Wish Book: School without walls: Youth Science Institute brings low-income kids into nature

Culture

SAN JOSE, CALIF. – OCT. 23: Children learn birdwatching at a Youth Science Institute field trip, Saturday, Oct. 23, 2021, at Alum Rock Park in San Jose, Calif. (Karl Mondon/Bay Area News Group) 

These free “hands on” experiences were rare during the COVID-19 pandemic. A June report by the Policy Analysis for California Education found that as of March 2021, 70% of California students were attending virtual-only schools. While some affluent private schools stayed open, education in many public schools in low-income neighborhoods was online only.

YSI’s hands-on program not only sparks interest in science and learning, but fosters environmental stewardship, said the parents.

“It is really reinforcing the value of protecting our Earth, protecting our trees and our waterways and protecting habitats for wildlife,” said Lombera. “It’s the perfect adventurous experience in nature for our city kids.”


THE WISH BOOK SERIES
The Wish Book is an annual series of The Mercury News that invites readers to help their neighbors.

WISH
Donations will cover general expenses of the Youth Science Institute’s education services and help them expand its scholarship program to serve 288 children, helping reduce the performance gap between advantaged and disadvantaged youth. Goal: $25,000.

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Online videos don’t describe the feel of a feather, the perfume of wet soil, the wonder of binoculars or the chill of an incoming storm.

After a pandemic filled with too much screen time and too little green time, children from inner city San Jose were thrilled by a recent outdoor adventure with the Youth Science Institute, searching for all things bright and beautiful, any creature great or small.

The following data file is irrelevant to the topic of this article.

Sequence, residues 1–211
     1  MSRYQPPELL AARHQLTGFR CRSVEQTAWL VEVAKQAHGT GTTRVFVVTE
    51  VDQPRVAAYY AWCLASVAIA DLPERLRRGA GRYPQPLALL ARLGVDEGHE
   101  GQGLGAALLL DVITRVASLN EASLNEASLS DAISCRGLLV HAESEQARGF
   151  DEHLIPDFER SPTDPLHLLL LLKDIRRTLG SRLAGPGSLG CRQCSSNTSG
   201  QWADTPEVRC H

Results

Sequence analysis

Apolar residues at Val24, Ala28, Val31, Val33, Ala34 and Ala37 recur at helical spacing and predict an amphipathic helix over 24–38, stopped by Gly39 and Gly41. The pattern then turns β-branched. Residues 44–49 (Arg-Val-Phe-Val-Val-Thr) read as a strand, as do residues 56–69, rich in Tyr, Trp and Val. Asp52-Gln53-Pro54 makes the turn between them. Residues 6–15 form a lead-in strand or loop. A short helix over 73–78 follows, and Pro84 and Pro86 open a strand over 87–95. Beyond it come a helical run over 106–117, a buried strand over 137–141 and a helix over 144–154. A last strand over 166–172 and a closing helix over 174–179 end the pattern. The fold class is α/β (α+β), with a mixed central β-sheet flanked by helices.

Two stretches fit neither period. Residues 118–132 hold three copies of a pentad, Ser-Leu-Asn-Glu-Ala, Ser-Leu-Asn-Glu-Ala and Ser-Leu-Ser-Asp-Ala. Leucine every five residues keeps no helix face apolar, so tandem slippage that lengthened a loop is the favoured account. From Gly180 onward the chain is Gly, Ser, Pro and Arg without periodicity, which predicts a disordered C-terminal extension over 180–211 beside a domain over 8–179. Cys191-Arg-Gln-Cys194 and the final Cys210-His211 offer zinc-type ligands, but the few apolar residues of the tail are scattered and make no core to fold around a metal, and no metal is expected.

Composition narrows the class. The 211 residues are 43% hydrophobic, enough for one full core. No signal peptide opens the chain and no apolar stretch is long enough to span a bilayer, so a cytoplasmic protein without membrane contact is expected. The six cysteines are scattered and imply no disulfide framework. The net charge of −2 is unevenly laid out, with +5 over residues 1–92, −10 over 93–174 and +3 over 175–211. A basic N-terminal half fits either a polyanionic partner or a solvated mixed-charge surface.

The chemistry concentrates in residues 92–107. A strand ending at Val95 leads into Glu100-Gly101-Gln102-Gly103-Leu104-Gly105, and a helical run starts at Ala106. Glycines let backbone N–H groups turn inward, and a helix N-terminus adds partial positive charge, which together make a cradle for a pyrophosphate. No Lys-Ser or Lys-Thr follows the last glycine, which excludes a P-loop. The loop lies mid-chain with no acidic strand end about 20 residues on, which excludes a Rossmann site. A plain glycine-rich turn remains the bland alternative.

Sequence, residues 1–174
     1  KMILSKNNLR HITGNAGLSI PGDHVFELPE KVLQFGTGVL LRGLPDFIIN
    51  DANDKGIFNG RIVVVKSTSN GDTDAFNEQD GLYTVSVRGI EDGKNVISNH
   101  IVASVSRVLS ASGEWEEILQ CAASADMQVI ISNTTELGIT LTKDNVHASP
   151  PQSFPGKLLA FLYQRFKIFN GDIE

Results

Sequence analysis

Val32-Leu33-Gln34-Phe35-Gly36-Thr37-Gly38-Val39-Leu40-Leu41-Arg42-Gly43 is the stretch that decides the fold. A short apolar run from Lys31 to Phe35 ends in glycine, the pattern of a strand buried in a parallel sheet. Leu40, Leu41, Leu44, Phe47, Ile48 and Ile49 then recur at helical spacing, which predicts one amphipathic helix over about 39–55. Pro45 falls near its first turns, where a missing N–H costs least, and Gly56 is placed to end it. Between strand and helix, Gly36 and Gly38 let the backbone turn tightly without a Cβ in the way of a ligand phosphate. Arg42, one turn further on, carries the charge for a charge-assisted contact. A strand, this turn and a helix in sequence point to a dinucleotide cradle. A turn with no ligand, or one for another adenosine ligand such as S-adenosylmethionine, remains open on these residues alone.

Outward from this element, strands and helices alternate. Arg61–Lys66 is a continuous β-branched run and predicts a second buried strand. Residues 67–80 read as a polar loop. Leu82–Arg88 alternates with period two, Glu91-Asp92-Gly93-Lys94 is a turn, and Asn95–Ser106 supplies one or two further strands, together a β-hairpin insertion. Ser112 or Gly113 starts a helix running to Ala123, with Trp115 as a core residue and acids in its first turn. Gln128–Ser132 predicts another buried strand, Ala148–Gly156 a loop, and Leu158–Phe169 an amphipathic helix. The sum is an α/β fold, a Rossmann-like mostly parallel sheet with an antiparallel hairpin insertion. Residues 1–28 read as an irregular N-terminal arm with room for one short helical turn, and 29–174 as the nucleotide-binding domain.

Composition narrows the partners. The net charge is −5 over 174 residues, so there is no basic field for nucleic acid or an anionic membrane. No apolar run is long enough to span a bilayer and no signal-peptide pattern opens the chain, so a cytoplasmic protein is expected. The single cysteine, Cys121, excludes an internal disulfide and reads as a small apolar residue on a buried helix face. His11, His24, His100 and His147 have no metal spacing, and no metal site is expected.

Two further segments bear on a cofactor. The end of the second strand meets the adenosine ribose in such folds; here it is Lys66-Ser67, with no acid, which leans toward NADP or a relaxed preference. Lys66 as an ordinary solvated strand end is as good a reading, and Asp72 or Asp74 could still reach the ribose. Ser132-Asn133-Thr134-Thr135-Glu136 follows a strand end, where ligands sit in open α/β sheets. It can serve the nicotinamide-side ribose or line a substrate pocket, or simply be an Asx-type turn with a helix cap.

Isabella Banulos, 8, marveled at her first-ever deer sighting.

“They skip!”  she exclaimed, as the small herd vanished down the trail. Online learning hadn’t explained that, either.

The Youth Science Institute’s new “Science Saturday” program at Alum Rock Park is reaching about 66 at-risk and low-income children from Title 1-eligible schools, defined as having a child poverty rate of at least 40%.

But it wants to do more. If it can raise $25,000, it can expand the scholarship program to serve 288 children, helping reduce the performance gap between advantaged and disadvantaged youth.

“Children from low-income communities already experience an education gap,” said Erika Buck, executive director of the Youth Science Institute, based in Los Gatos. “And then, with the pandemic, children had to learn virtually from home. They weren’t given the ‘in person’ hands-on experiences that YSI can provide.”

SAN JOSE, CALIF. – OCT. 23: Gaia Campos-Anderson and Kaylee Huynh investigate owl pellets during a Youth Science Institute field trip, Saturday, Oct. 23, 2021, at Alum Rock Park in San Jose, Calif. (Karl Mondon/Bay Area News Group) 

The Institute puts nature at the heart of its program. Under the open sky and towering trees, the goal is to cultivate a love of science among children in kindergarten to sixth grade. It can happen quickly.

Just ask the children gathered on a blue tarp this particular day, gazing into the eyes of a great horned owl as its talons clutch the arm of YSI animal curator Alex Schord.

“Its ears are like a satellite dish,” said Schord, a San Jose native who was first inspired by YSI as a toddler, then graduated from Cornell University with a degree in biology.

As if on cue, the owl spun its head, then flapped its wings. In muddy sweatshirts and jackets, the children flapped their arms, in unison.

“Where is its mouth?” asked one student, puzzled. “He is breathing very fast,” worried another.

“You’re beautiful, man,” Freddy Malone, 7, told the owl.

Seated at tables, holding tweezers with the focus of trained surgeons, they teased apart …read more

Source:: The Mercury News – Entertainment


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